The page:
The study takes a close look at what students from community colleges bring to the workplace, and what they lack.
“They brought incredibly good college math, including finite math; they had the courses in computer science, computer programming, and basic engineering design,” Mr. Adelman said in an interview, adding that students from community colleges also bring with them good technical-writing and oral-communications skills.
“Everything the workplace was asking for, the community college gave these students,” he said.
But there was also some bad news, he said.
“I contrast this with students who wind up in medical-support occupations,” Mr. Adelman said, “and you want to see more basic science than what they had, … so you can say that in one place they did well and in another not so well.”
Observers said the report could serve as a guide to state lawmakers and researchers on how they assess the success of community colleges.
“One thing people do when looking at community colleges is they look at the people who enter and exit and make judgments on the success of the community college based on that,” said Arnold Kee, the director of programs at the Institute for Higher Education Policy, in Washington. “They forget that many students who are entering can have a diverse range of goals when they enter, and very few will track whether those students have met their own specific goals.”
Milestones and Obstacles
The Education Department report describes the two milestones for traditional-age community college students as earning an associate’s degree or transferring to a four-year institution. Earning credits in college-level math and completing summer courses are two of the factors that help community college students reach those milestones, it says.
Staying enrolled continuously and withdrawing from or repeating fewer than 20 percent of one’s courses are also strong indicators of success, according to the report.
Entering a community college directly after high school and holding a campus job also increase the chances for getting an associate’s degree. But factors such as race, gender, socioeconomic status, first-generation college status, and language background do not play a significant role in explaining why some students succeed at community college and others don’t, the report says.
Trudy Bers, the senior director of institutional research at Oakton Community College in suburban Chicago, agreed that continuous enrollment is vital for student success.
“We have been looking at policies and procedures on this,” she said.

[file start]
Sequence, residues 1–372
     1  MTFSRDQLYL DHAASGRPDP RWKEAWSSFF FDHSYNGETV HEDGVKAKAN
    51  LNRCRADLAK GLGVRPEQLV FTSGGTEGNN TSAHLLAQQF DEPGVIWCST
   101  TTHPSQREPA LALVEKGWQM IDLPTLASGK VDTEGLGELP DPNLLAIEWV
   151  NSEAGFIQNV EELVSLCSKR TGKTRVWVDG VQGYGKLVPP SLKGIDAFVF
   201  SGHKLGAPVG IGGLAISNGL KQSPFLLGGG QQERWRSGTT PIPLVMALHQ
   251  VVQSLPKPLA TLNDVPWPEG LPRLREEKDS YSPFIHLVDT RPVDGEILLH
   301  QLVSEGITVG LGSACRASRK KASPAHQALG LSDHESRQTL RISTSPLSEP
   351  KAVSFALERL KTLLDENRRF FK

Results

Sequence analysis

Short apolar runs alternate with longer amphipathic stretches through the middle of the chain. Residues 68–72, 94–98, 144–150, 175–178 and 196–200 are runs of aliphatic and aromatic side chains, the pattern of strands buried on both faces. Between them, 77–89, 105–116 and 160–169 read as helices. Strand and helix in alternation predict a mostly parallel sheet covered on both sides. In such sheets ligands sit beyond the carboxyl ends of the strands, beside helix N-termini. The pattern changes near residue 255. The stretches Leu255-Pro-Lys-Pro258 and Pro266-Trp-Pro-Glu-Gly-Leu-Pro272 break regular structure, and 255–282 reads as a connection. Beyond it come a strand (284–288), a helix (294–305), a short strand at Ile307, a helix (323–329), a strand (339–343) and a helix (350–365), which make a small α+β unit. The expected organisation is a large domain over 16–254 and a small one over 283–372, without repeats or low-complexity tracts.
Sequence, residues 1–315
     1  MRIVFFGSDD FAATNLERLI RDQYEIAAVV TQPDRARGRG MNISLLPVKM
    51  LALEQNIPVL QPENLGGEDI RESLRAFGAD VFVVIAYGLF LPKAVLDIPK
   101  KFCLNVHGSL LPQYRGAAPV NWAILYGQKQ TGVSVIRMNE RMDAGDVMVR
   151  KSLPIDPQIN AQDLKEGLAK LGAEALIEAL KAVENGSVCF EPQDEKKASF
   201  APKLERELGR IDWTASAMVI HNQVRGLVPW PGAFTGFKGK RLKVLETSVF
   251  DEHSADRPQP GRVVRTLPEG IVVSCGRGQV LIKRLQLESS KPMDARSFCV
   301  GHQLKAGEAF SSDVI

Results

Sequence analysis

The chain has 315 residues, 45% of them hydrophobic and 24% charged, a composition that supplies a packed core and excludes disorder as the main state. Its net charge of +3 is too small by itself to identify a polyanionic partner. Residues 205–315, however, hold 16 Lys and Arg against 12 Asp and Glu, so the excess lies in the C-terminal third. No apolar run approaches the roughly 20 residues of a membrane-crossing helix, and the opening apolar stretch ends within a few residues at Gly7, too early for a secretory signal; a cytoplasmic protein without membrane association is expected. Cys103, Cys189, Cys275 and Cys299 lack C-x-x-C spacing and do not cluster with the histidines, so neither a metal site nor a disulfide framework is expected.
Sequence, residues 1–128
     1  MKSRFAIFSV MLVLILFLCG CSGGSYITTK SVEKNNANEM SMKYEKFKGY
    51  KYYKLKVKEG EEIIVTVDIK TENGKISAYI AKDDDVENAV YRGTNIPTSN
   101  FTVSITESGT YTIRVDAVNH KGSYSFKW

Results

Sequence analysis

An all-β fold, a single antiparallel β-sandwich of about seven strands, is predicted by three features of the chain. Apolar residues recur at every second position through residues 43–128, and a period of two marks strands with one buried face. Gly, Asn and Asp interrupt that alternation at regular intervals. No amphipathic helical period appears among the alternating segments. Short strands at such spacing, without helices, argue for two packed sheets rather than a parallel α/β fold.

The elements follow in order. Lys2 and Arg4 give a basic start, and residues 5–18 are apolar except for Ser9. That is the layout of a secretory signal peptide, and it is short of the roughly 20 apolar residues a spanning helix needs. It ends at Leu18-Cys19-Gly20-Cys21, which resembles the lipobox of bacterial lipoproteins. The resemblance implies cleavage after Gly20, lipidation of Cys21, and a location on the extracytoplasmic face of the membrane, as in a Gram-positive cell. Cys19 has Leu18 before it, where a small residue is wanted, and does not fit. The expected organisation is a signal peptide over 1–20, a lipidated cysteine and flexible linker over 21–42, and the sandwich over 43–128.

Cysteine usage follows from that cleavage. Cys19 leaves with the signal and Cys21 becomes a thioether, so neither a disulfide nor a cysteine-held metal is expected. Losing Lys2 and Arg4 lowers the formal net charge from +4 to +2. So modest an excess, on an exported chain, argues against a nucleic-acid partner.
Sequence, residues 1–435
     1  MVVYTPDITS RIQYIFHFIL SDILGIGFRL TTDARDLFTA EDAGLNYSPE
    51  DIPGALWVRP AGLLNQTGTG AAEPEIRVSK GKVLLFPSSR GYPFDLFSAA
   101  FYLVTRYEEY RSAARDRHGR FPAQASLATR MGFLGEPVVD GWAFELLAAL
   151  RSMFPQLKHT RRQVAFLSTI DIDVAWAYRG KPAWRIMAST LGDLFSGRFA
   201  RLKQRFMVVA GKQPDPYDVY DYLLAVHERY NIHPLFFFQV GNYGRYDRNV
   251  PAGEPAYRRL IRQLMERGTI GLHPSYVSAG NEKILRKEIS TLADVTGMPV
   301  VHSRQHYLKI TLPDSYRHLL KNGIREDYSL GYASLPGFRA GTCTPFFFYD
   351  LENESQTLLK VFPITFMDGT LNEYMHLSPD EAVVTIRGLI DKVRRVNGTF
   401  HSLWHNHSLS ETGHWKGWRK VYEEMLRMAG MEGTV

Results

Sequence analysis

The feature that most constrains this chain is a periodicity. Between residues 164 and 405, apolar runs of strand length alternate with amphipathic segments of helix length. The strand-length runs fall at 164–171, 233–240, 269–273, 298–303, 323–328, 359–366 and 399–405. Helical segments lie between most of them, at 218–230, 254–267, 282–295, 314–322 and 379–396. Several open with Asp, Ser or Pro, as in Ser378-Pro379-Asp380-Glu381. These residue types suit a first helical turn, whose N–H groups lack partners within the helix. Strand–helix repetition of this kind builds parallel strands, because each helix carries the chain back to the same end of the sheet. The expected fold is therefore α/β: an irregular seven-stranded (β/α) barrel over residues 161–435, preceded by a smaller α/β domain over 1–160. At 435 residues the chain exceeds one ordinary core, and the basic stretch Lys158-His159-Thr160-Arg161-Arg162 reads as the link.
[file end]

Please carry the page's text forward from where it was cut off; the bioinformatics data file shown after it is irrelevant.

The study found that traditional-age community college students who transfer to four-year institutions often do as well academically as those who started out there. For instance, in their first year of coursework at four-year institutions, community college transfers earned credits in a core of courses in roughly the same, or higher, proportions as students who began in four-year institutions.
Ms. Manning of Central Piedmont Community College said she was pleased the study pointed that out.
“Normally, universities seem to look down their noses at community college students because they don’t do as well, but [Mr. Adelman’s] research shows that wasn’t true,” she said.
But the study found that fewer community college transfers earned credits in such subjects as precalculus, calculus, and chemistry, hindering their progress toward degrees in scientific fields. Also, a much higher percentage of community college transfers were enrolled in at least one remedial course during the first year at their four-year colleges.
Mr. Adelman’s study also looks at students’ career paths after leaving community college. It found that for those coming out of community colleges, degrees count more than an accumulation of credits without a degree. For instance, 78 percent of associate’s-degree recipients were continuously employed, compared with 58 percent of those who earned more than 60 credits but no degree.
“If you have an associate’s degree, you are much better off in terms of holding a job consistently, because employers look at the receipt of a degree and see it as a symbol of persistence,” Mr. Adelman said.
A version of this article appeared in the March 16, 2005 edition of Education Week as Community Colleges Are Serving More Younger Adults, Report Says